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On the Census: an Intersection of Music and Activism

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I first met Josh Norek about ten years ago when he sent me a low budget video of his Latino-Jewish band the Hip Hop Hoodíos. It was a song about Chanukah sung in Spanish and English, and there were plenty of surreal shots of the "Bagel babe;" a hot young thing wearing a bra made from that circular staple -- even in a Jacuzzi!

I sensed there was an unusual mind behind this.

Further down the road, Josh sent me an email about a new event; the Latin Alternative Music Conference (LAMC) that he was co-organizing in New York City. I wished him well. He continued to send me press releases about bands I had never heard of but which were pretty damned good. I started to trust his taste.

Five years ago, he helped Tomas Cookman launch the company "Nacional Records." Between them, they had tons of experience managing and promoting "Rock en Español" acts, and soon they began aggregating the strongest roster of Latin Alternative Music extant.

Then, prior to the past presidential election, Josh sent an email around, saying he was taking a sabbatical (or should that be shabattical?) from the music biz, and donating significant time to his favorite grassroots organization, Voto Latino, working to register and activate young Latinos in battleground states to get the vote out. Since then he has also gotten his radio show "The Latin Alternative" up and syndicated. So when I heard that Josh was going to be in town, I jumped at the chance to interview him. His time as usual, was tight; just half an hour, so we plowed into it despite the noise from construction on an adjacent floor.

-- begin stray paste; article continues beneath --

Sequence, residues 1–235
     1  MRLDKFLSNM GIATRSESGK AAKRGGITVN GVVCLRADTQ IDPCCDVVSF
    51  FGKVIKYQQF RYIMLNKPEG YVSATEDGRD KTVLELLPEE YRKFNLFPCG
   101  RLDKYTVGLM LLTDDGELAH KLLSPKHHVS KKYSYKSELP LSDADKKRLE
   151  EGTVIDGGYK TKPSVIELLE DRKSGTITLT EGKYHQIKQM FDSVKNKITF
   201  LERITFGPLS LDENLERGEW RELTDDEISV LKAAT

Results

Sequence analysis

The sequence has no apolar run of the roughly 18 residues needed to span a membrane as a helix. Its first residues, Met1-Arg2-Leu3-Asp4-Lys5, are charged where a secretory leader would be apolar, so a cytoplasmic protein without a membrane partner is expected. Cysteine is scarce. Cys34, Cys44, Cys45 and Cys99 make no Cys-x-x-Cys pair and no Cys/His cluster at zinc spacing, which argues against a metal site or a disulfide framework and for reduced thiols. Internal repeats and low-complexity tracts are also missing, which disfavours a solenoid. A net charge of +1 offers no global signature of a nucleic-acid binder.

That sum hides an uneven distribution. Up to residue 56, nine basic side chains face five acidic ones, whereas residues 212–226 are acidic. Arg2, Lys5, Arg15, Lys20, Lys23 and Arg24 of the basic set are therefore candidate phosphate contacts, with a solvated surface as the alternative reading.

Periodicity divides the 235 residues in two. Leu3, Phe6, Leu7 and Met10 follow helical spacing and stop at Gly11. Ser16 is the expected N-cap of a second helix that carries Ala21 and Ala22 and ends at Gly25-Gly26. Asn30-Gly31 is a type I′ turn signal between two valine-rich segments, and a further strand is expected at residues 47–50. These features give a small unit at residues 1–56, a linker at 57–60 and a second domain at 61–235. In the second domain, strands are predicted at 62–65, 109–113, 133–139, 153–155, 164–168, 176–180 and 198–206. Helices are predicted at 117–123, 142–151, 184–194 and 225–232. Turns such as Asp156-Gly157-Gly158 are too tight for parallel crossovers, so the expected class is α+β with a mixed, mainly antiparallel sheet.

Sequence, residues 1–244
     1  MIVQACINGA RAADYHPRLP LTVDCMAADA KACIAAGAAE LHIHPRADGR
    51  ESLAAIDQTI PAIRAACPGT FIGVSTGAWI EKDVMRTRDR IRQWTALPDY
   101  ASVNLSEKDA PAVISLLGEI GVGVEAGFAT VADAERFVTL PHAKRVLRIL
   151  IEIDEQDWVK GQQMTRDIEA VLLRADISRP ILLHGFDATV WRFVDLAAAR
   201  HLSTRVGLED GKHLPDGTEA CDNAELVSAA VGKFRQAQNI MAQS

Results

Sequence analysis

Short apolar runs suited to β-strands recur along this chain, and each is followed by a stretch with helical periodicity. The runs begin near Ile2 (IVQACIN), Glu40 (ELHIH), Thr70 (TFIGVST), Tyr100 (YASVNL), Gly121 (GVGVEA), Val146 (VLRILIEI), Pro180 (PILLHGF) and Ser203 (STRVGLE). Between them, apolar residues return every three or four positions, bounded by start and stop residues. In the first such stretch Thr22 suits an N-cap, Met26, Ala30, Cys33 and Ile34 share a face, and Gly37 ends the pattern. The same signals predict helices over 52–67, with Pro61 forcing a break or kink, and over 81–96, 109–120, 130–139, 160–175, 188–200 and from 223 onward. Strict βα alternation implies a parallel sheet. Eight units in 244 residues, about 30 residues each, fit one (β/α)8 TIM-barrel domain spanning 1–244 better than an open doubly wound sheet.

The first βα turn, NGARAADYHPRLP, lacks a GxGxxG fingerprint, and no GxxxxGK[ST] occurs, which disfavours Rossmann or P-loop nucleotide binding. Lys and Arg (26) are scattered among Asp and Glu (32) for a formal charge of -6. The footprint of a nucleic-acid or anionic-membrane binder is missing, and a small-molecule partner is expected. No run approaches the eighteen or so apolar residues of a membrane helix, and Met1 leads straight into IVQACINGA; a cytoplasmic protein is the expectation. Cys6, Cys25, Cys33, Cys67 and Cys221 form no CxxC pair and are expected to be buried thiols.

No matter where we fall on the immigration issue, the undeniable fact is that the burgeoning Latino population is changing the face and culture of the USA. I wanted Josh to talk about this, to reflect on the relationship between music, demographics and his new work with Voto Latino's Census 2010 initiative. He did that and more; his conversation was so far ranging that I may have to present those parts of it that dealt specifically with Rock en Español, Nacional, the LAMC and the state of the music industry in general, at a later date.

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